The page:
ACCUMULATING PERIPHERALS


Why the absurd vote totals? by mattsteinglass
June 20, 2009, 1:57 am
Filed under: democracy, Iran

Daniel Larison has a good discussion of how the implausibility of the Moussavi camp’s vote count mirrors the implausibility of the Ahmadinejad camp’s vote count. And why the implausible victory margin for Ahmadinejad in the first place? Larison cites Clive Davis citing Hooman Majd in the FT: “Shock and awe? You bet.”

I’d just add one thing: bullies often find it more effective to force people to acquiesce in an obvious lie than in a plausible fiction. Check out the ludicrous charges in the Stalin show trials: children’s book writers in Leningrad confessing to being Japanese spies, and so forth. When you make people accept a plausible fiction, you’re just winning that one issue. But when you make them accept a lie which everyone knows is a lie, you’re destroying their integrity, destroying their will to describe the world as they see it, rather than as you tell them it is. It’s the bully on the playground holding the weaker kid’s arm and slapping his cheek with it, saying “Why are you hitting yourself?” Like Vaclav Havel’s grocer hanging “Workers of the world, unite!” in his shop window, once a person has acquiesced to something they do not believe, and which everyone knows they do not believe, they become complicit in their own oppression.

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8 Comments so far
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A change of government is too much to hope for. What is possible to hope for is that the Iranian society will not explore into violence, the kind of violence that kills a lot more people than have already been killed.

Comment by pittsburghflashfictiongazette

“Like Vaclav Havel’s grocer hanging “Workers of the world, unite!” in his shop window…”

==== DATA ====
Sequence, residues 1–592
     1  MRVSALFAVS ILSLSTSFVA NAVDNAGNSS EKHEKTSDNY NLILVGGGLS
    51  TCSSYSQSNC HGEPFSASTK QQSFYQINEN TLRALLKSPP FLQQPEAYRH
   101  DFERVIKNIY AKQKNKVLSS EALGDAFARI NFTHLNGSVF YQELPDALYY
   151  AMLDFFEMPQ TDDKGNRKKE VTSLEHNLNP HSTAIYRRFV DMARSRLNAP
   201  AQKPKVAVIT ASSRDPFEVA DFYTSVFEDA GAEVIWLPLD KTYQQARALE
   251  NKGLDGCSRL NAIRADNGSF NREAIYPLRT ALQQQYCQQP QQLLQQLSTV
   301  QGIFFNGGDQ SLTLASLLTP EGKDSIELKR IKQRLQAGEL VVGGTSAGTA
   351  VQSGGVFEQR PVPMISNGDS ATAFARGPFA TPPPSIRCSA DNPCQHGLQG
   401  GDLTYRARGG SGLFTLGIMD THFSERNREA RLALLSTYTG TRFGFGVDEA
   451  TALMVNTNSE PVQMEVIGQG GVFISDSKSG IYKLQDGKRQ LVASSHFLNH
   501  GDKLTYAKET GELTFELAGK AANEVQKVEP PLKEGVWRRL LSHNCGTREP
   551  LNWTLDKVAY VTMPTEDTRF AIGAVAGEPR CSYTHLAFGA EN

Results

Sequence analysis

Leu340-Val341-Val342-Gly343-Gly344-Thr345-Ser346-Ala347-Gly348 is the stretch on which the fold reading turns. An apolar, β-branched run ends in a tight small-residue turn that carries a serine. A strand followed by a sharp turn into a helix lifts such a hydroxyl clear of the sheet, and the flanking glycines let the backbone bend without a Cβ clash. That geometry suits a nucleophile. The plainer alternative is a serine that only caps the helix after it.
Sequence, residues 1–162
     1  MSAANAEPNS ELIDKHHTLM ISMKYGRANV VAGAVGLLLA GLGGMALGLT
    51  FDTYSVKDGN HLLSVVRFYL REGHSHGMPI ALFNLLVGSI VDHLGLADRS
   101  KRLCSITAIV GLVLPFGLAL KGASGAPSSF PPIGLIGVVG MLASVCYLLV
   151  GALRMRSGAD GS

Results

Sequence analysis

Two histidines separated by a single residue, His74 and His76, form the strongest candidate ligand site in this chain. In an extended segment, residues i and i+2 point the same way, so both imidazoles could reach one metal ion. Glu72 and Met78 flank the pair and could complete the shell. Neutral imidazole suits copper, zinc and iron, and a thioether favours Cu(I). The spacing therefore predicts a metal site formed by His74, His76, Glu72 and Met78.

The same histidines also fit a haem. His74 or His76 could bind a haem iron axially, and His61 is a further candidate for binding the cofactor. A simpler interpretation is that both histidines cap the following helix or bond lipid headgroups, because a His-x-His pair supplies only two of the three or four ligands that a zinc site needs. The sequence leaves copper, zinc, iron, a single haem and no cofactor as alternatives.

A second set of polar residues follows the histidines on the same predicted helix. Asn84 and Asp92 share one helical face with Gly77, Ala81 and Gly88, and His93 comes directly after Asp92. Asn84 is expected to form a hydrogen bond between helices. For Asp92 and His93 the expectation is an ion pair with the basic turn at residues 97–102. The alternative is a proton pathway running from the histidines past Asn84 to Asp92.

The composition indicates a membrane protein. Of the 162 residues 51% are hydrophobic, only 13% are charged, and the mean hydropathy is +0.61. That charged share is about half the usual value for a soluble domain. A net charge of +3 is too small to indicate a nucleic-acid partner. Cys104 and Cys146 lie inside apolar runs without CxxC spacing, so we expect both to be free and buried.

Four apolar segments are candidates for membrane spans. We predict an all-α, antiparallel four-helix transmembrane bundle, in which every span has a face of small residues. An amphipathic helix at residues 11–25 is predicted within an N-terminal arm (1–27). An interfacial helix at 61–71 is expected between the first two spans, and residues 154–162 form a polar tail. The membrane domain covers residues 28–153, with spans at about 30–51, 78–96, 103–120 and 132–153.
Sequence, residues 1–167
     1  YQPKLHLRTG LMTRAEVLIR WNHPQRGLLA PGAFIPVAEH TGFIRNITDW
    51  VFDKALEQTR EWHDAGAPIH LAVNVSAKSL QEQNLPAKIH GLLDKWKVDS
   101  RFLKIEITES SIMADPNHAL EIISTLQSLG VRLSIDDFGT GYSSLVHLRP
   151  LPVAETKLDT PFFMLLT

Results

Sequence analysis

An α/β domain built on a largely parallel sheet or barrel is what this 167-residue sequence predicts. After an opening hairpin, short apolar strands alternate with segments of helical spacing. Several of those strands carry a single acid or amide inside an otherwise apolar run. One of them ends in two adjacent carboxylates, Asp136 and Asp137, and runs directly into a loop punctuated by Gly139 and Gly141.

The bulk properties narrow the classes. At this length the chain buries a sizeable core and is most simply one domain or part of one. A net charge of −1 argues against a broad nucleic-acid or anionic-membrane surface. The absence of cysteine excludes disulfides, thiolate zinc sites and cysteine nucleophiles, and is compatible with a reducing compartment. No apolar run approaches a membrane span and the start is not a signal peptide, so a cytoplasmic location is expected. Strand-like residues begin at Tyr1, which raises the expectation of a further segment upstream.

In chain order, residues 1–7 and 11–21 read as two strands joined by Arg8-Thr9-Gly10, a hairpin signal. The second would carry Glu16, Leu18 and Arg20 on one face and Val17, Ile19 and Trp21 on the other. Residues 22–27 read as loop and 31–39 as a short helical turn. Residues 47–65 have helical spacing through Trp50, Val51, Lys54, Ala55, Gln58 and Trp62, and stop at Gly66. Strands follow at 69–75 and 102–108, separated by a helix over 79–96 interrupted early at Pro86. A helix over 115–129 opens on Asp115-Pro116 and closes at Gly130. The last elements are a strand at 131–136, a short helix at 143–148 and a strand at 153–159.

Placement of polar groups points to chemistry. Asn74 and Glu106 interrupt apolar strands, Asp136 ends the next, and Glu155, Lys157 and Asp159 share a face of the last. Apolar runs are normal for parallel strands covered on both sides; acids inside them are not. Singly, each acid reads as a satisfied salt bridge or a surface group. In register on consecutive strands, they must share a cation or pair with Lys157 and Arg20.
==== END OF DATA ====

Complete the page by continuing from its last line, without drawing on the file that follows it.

I don’t understand that one. Havel spent years in prison under the communist tyrants before the Velvet Revolution. He led the first democracy in the Czech Republic after the fall of the Iron Curtain and is considered a national hero. He stood up to the communists and spent years in prison for it.

It seems like you are calling him a tyrant. I’m confused.

Comment by Puffy

Never mind. I am an idiot. I suddenly remembered the Havel’s grocer metaphor…

I totally apologize for being stupid.

Comment by Puffy

[…] Here’s a piece with an interesting perspective. I’ve seen bullies do this, sometimes “jokingly.” As more and more people stand to gain something from the Red Plan more of them are repeating the joke. […]

Pingback by lincolndemocrat.com » Blog Archive » Why are you hitting yourself?

More to the point, the vote totals no longer matter. Suppose 100% proof evidence were to emerge tomorrow that Ahmedenejad had won, do you think this would alter the situation now? Hundreds of thousands have marched, blood has been spilt, and grave threats have been made. At the moment it seems to be more of a game of chicken, one in which neither side seems inclined to blink.

Comment by FOARP

That’s certainly true. But people have spent the last week wondering why the initial attempt at fraud seemed so clumsy.

Comment by mattsteinglass

[…] Steinglass, the current European editor for the Economist Magazine, captured this dynamic well in a 2009 piece on why Iran’s Ahmadinejad insisted on showing an implausibly large vote margin for his election […]

Pingback by Trump’s Wiretapping Claims & Other Lies Lead to Autocracy | Polite On Society

[…] Matt Steinglass, the current European editor for the Economist, captured this dynamic well in a 2009 piece on why Iran’s Ahmadinejad insisted on showing an implausibly large vote margin for his election […]

Pingback by Trump's Constant Lying Is What Autocrats Do




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